Five ways towards net zero, while ensuring critical energy for today
In volatile times, how can the UK reach net zero, while securing energy today? Through, first and foremost, a stable fiscal climate that unequivocally encourages investment, says Shell UK Country Chair David Bunch
Cast your mind back to COP26. Back then few would have imagined a war in Europe three months later. Nor that, inside six months, spiralling global energy prices would leave one in five households in fuel poverty, as domestic electricity and gas bills soared.
The invasion of Ukraine is a horrific human tragedy. For those away from the conflict zone, it has also been a stark reminder that affordable and reliable energy is not a given. Instead, it has shown how complex and fragile the world’s energy system is. A system that is hard to change.
But we must change it. For the UK’s energy security. For the plight of people in this country. For the future of our planet. And in these times of unprecedented global volatility, companies like mine look to government to instil stability.
Shell UK, will of course, do its part. We intend to invest between £20 and £25 billion in the UK over the next decade, subject to board approval. More than 75% of this is intended for low and zero-carbon products and services including offshore wind, hydrogen and electric-vehicle charging. But this requires a stable policy and regulatory framework. Our intent is focused in five core areas.
First, we will play our part in keeping the country’s energy flowing, helping to make Britain’s energy system stronger and more self-reliant. Our Jackdaw project recently received government approval and could produce 6.5% of the UK’s North Sea gas – enough to heat 1.4 million homes later this decade.
Second, we intend to accelerate the development of new low-carbon power and renewable energy sources across the UK’s industrial heartlands. Together with our partner ScottishPower, for instance, we plan to build and operate two of the world’s first large-scale floating offshore wind farms off the coast of Scotland, bringing clean energy to power the equivalent of six million UK homes.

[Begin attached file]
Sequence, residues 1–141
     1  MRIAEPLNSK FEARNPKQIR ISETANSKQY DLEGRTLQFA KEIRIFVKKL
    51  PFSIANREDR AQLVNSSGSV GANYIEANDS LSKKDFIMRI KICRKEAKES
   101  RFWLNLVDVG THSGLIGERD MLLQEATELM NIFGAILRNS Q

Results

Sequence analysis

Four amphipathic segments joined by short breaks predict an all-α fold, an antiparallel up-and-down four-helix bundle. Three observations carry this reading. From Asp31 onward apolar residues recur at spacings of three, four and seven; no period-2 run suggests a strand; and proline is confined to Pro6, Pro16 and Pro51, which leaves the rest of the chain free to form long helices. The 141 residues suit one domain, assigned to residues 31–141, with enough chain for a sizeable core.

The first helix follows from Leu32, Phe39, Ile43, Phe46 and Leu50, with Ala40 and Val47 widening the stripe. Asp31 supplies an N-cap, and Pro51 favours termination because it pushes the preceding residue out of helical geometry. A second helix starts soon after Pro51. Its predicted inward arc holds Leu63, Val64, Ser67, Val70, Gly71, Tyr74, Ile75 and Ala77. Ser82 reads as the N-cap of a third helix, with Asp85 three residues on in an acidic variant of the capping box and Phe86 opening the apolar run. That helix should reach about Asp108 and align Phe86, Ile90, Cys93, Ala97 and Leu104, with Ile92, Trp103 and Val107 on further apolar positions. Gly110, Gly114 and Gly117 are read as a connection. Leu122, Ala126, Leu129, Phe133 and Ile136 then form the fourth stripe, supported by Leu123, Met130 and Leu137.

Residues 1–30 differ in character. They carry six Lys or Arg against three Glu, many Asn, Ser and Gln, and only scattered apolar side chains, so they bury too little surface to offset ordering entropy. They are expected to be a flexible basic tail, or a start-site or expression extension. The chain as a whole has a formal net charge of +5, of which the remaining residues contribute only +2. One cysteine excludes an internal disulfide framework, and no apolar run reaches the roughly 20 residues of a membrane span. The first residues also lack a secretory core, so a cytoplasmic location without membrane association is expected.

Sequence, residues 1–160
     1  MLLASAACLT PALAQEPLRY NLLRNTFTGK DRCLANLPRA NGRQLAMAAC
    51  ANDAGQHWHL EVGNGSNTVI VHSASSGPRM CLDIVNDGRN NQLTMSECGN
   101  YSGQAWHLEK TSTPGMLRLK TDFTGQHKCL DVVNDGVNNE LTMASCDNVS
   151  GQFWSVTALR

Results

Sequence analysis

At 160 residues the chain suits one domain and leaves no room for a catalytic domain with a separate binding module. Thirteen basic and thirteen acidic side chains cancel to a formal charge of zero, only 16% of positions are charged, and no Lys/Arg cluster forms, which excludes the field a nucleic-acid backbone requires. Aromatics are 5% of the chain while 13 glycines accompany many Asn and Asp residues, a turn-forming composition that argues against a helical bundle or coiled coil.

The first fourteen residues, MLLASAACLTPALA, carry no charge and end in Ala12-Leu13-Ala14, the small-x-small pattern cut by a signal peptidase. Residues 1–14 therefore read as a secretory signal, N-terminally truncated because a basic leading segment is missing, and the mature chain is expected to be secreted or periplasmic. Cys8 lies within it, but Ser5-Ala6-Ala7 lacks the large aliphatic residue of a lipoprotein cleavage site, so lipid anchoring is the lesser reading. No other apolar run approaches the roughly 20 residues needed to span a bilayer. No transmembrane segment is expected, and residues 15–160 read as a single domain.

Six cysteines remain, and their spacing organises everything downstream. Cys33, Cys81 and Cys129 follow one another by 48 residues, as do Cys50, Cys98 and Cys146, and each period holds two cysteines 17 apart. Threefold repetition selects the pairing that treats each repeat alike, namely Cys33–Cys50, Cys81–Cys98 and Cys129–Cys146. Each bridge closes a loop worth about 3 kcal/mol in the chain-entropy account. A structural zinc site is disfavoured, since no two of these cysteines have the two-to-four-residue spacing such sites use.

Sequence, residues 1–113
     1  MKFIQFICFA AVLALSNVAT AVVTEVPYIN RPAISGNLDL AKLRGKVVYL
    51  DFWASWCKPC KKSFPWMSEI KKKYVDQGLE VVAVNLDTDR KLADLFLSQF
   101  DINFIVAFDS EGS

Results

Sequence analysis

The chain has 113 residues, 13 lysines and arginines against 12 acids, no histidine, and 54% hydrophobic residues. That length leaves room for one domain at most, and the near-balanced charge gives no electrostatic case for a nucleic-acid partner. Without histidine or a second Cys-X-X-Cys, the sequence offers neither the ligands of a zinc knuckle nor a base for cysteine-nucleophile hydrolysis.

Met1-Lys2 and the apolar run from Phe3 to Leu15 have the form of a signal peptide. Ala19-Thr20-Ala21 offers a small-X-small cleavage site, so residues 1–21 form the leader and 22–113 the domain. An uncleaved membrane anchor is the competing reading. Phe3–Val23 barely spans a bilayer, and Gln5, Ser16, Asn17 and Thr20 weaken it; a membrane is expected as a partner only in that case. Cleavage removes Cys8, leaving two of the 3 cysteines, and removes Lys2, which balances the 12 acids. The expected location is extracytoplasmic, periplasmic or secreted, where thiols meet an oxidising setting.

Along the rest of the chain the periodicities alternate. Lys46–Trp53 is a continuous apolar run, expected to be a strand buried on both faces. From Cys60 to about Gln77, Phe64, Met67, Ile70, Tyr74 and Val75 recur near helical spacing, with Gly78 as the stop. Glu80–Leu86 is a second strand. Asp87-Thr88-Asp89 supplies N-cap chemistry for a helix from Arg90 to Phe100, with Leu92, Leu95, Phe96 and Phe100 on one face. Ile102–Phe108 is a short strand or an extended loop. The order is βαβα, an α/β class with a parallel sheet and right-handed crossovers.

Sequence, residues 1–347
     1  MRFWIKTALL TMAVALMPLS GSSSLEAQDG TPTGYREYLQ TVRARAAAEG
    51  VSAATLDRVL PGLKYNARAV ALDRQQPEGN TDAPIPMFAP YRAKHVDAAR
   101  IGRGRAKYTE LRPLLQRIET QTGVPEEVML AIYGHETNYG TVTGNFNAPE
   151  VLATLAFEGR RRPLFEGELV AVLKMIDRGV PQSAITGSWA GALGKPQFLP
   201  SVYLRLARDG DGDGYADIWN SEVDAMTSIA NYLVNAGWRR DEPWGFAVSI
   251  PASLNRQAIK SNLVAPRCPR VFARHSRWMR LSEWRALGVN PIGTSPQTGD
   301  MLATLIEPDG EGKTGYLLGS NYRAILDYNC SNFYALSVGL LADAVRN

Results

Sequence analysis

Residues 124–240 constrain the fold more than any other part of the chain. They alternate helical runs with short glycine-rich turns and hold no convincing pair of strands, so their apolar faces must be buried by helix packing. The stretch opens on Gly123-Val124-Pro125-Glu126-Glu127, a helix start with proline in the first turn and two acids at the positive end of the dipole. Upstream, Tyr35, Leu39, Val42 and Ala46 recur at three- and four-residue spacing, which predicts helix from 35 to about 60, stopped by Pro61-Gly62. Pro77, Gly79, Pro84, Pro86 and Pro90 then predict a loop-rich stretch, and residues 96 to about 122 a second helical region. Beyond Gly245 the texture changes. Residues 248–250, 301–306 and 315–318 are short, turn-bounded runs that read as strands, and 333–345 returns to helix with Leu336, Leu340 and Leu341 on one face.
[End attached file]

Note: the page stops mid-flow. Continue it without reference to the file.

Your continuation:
Third, we aim to lead a nationwide rollout of charging infrastructure to accelerate the adoption of electric vehicles, so that, by 2030, 90% of UK drivers are no more than 10 minutes from a Shell rapid charger. Specifically, we aim to have 100,000 public chargers installed across the country by 2030.
Fourth, we want to provide more, certified renewable electricity to customers, both at home and on the move. We aim to supply five million UK customers by 2030. And finally, we want to invest £100m over the next decade in what we call “generation net zero”. Through this programme we aim to help 15,000 people in communities across the UK gain employment with a focus on the energy transition.
These changes cannot happen alone. Businesses, the government and society all need to pull together. As well as a stable tax and investment climate, we need policy frameworks that incentivise the development of low-carbon technologies at pace and scale. Policymakers must also build on the North Sea Transition Deal to support a stable and speedy regulatory regime and transition to a broad range of energy assets, including gas and offshore wind.
I hope that, together, we can grasp this moment and drive big changes to transform the UK’s energy system, propelling the country towards its 2050 net zero target, while ensuring the critical energy supply needed to keep the UK moving today.
This article was published in The Path to Net Zero, a special report to mark Net Zero Week 2022, with contributions from Anne-Marie Trevelyan MP, Alex Burghart MP and Kerry McCarthy MP. Read more here.
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